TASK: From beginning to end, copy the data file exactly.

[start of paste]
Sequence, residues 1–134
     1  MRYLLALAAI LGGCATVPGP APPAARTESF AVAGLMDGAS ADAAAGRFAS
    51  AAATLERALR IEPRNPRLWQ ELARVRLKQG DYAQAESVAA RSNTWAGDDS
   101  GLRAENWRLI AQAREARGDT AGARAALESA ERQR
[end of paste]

Sequence, residues 1–134
     1  MRYLLALAAI LGGCATVPGP APPAARTESF AVAGLMDGAS ADAAAGRFAS
    51  AAATLERALR IEPRNPRLWQ ELARVRLKQG DYAQAESVAA RSNTWAGDDS
   101  GLRAENWRLI AQAREARGDT AGARAALESA ERQR